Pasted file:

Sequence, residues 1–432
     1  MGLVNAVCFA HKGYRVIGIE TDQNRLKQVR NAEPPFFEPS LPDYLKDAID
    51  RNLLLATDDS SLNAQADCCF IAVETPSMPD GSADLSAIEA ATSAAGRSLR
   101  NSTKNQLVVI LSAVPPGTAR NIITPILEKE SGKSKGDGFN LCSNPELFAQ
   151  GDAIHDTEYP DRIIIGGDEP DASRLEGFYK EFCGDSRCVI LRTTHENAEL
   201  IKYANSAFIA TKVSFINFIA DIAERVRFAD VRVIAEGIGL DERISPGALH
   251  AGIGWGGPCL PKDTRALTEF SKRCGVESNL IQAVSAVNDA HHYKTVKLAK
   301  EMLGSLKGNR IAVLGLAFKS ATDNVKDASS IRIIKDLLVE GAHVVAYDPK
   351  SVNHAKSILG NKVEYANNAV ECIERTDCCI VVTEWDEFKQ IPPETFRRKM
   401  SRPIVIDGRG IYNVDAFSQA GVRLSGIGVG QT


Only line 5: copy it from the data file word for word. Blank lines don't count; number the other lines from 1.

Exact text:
   151  GDAIHDTEYP DRIIIGGDEP DASRLEGFYK EFCGDSRCVI LRTTHENAEL